Leah Walker is at the conference table in her office evaluating companies who’ve submitted proposals to work on the NSA contract. Tracey McIntosh sits to Leah’s right, concentrating on a file folder that lies open in front of her, a pen perched between the index and middle fingers of her left hand. Across from Tracey is Roscoe Delahunt. He’s pushed away from the table, leaning back in his swivel chair, his feet on the base of the chair, applying alternating pressure with his feet which causes him to rock back and forth. The chair squeaks with each pass, which slightly annoys Tracey, but not enough to break her concentration.
“Solid proposal,” Tracey says. “They’ve dotted the i’s and crossed the t’s definitely.”
“I like them.” Roscoe grabs his water bottle and takes a drink. He holds the bottle on his lap rather than return it to the table. “They run the gamut of experience from old school programmers to young turks up on the latest bells and whistles.”
“I’m a little concerned about their lack of security expertise,” Leah says. “But, that’s why we have interviews. Let’s schedule them and see how they plan to address what they lack.”
Almost in unison, Tracey and Roscoe say, “ Agreed.”
Tracey closes the file and sets it on top of a small stack of those who’ve merited further consideration. A much larger stack sits beside that, containing those who’ve been passed over. Tracey rises and heads toward her desk. “I’m getting some WD40 for that damn chair.”
“Thank you, Tracey,” Leah calls after her.
“Hey, it’s my thinking chair,” Roscoe says.
“Think quieter,” Leah says. She picks up a file and looks at the company name. “Synergistic Dynamics. That sounds very familiar.”
Roscoe sits up. “Yeah. They’re the West Coast firm that relocated here after they went through some trouble a couple of years ago. The founder was accused of discrimination and had to pay a large out of court settlement.”
“I remember hearing about that.” She opens and reads over the file. “Robb Dennison? He’s the principal?”
“I guess. Why? Do you know him?”
“We have a history, actually.”
Tracey returns and signals to Roscoe. “Up.”
He stands and she sprays several spots underneath the chair, moving it to see if she’s having the desired effect. She motions to Roscoe and he sits. The chair is much quieter. She resumes her seat, but keeps the spray can handy.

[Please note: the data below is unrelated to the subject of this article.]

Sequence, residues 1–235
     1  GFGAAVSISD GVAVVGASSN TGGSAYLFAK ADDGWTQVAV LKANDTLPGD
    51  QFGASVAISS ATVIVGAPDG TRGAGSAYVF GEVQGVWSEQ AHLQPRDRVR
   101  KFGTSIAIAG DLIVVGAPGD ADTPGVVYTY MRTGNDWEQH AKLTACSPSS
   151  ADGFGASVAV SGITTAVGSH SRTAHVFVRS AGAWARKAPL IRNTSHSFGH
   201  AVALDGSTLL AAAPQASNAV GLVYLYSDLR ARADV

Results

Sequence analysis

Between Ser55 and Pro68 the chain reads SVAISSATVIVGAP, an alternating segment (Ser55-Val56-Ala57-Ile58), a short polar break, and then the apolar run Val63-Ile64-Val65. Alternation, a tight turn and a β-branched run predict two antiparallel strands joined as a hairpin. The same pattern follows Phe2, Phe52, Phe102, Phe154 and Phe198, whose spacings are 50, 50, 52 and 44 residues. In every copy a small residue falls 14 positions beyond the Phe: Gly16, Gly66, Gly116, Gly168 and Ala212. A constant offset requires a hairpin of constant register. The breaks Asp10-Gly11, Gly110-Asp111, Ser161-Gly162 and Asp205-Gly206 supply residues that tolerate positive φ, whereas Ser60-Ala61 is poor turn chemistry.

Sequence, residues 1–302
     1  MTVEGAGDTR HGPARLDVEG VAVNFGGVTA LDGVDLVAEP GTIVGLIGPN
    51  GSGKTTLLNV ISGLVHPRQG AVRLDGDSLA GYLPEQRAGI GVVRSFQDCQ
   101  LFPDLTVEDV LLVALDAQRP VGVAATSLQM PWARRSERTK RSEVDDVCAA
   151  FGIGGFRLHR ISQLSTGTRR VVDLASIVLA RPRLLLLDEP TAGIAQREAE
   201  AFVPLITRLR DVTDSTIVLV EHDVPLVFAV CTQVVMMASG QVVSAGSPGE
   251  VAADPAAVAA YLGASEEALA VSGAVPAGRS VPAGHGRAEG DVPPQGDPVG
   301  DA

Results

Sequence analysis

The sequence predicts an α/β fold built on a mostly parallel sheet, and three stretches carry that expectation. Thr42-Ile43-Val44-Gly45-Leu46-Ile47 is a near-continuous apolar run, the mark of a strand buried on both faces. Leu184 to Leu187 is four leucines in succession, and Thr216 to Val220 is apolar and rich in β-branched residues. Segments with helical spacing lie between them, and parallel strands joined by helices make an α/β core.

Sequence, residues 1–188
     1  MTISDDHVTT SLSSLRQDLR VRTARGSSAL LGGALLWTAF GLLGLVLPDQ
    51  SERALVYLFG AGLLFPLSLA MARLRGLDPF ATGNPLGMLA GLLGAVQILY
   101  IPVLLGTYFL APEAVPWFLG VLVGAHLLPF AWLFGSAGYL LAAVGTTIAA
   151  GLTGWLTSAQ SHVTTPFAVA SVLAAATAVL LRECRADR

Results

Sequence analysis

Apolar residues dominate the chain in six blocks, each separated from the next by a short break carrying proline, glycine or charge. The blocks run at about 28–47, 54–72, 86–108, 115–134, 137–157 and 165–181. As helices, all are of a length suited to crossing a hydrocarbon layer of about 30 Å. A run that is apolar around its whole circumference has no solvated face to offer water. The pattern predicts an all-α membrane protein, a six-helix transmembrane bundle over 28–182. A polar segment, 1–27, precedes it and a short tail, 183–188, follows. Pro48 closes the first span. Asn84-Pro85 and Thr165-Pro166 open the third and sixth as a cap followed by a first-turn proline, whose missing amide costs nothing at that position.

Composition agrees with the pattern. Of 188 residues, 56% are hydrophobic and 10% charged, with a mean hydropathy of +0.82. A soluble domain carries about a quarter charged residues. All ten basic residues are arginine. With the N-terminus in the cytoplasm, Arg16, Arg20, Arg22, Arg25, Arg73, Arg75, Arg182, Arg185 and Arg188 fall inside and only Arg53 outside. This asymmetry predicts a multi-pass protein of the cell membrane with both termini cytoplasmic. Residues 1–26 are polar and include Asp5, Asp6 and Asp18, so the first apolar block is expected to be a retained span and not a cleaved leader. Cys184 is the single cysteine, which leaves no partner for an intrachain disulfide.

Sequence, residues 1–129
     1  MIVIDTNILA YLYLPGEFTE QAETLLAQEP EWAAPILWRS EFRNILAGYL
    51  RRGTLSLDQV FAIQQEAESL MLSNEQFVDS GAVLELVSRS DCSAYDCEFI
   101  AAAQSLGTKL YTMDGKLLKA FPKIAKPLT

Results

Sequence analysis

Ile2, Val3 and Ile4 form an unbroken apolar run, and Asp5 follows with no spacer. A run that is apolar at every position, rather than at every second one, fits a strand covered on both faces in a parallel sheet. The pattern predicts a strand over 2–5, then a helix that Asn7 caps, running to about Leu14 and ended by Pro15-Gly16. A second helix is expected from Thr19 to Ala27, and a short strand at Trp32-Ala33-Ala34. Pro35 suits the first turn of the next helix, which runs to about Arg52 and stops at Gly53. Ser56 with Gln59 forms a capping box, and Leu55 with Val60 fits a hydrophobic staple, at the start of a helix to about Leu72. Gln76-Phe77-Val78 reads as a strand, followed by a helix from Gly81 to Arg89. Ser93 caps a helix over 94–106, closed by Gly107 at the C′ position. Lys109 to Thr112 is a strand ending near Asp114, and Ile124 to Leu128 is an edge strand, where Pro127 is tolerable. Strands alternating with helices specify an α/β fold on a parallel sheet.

Leah slides the file over to her. “What’s the story here? Why are they on the short list?”
Tracey looks over the information. “They’ve submitted a very good proposal. Hard to beat the price with the experience they’re offering.”
“You know their history, right?”
“I’m aware of it,” Tracey says. “It could work to our advantage. They’ll be looking to polish their image and probably won’t try to haggle.”
“Have you taken a look?” Leah says to Roscoe.
“I have and I agree they’re offering quite a lot for less than a company with their experience would normally charge. What exactly is your history with Dennison?”
“I cold cocked him once when he wouldn’t take no for an answer.”
Tracey shakes her head. “How long ago was this?”
“College for me. He was post-doc.”
“Any chance he would have forgotten?” Roscoe says.
“Not much. If we bring them in for an interview, could our history create any problems for us?”
“I don’t think so, as long as that’s not a factor in your decision,” Tracey says. “But it would be difficult to prove it isn’t.”
Leah considers it. “Then I won’t make the decision. I’ll go solely by what the two of you recommend.”
“I’m in favor of bringing them in,” Roscoe says. “They definitely have the know how.”
“I agree,” Tracey says. “All things considered, they seem like a good fit. And they’ve got one of the best proposals. They really want the business.”
Leah laughs. “All right, then. Schedule them but don’t let them know about the history between me and Robb.”
“Probably a good idea,” Tracey says.
“This should be interesting,” Roscoe says.